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Tuesday, 20 September 2011

“That which does not kill us makes us stronger.”

Thank you, Friedrich Nietzsche for that little pearl of wisdom. Those would’ve been comforting words, if I hadn’t been so certain I was going to drop dead from a panic attack. They may even have given me an extra shot of courage, if I could’ve thought beyond; breathe, smile, look at the audience, and most importantly don’t talk at super-sonic chipmunk speed.

Yes, at last weekend’s Prairie Horizon’s CANSCAIP conference I drank the Kool-Aid and signed up for the Open Mike night. I was feeling the writer-love that our Saskatchewan hosts so graciously shared with me and my fellow Anitas. I must have suffered a rare form of selective amnesia, forgetting the audience included; the illustrious editor Kathryn Cole, the critically acclaimed author, playwright, journalist, and screenwriter Shane Peacock and the incredible talent of artist Georgia Graham

When I recovered from my Saskatchewan love-in, and remembered this detail, I almost baled and surrendered to my fear, but I was given some advice that resonated with me far deeper than would any rantings of a long dead German philosopher.

A fellow writer said to me, “It’s not about you, it’s about your story and it needs to be shared, or you wouldn’t have written it.”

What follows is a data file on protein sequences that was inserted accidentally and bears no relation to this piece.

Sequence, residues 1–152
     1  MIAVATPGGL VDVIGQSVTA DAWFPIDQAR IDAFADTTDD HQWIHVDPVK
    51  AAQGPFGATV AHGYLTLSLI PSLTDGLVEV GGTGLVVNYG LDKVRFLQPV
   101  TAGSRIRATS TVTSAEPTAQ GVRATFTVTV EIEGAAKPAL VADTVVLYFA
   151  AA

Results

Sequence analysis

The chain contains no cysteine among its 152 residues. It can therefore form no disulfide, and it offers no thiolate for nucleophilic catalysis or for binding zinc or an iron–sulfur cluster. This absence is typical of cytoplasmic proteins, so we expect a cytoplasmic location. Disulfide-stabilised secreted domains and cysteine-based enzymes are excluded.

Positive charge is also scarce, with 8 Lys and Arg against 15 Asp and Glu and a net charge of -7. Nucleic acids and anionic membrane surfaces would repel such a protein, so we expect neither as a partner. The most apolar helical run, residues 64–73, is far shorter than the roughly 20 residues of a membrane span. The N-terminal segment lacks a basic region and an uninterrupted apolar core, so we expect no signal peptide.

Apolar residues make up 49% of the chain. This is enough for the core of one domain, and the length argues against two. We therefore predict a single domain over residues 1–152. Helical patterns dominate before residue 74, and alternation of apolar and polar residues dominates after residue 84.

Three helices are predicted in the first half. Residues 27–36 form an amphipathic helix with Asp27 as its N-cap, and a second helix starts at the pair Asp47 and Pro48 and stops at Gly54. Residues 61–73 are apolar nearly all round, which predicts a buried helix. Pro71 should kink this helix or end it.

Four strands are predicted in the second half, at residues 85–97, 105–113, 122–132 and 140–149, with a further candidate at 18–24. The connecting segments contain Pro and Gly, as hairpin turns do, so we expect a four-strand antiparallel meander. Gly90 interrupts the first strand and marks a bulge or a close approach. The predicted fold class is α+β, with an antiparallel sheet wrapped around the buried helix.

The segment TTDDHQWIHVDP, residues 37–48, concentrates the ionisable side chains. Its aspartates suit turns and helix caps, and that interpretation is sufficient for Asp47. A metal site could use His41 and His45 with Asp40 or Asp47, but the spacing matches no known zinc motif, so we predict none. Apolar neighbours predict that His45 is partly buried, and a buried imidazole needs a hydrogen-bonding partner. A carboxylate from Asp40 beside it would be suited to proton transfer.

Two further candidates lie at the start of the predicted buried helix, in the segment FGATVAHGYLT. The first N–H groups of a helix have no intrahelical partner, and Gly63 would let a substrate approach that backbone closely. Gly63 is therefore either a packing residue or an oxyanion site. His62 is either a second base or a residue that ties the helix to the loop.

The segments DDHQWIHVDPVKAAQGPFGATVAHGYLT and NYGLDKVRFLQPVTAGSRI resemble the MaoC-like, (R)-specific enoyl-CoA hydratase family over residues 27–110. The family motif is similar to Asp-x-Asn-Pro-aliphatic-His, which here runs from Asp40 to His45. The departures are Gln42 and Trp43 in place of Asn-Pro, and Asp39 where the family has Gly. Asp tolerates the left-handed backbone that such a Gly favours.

In a nutshell, that’s what being a writer is about; having these stories inside us and a burning desire to share them. That seems more poignant when you write for children. What we write and the characters and worlds we create help foster creativity and imagination in our readers and if done well, can provide a place for children to feel included and accepted.

We certainly don’t do it for the money. Beyond the J.K. Rowlings and Stephen Kings, there are few independently wealthy authors. Most of us have day jobs that help pay to keep our passion alive. We're like the actors of literature; working to fund our artistic dreams.

With heart pounding loudly up my throat, I continued down the bumpy road to publication and read to my audience of fellow writers and famous people. They laughed in all the right places and it didn't kill me. I survived and I may possibly be stronger. Except for the ulcer, but there's medication for that.

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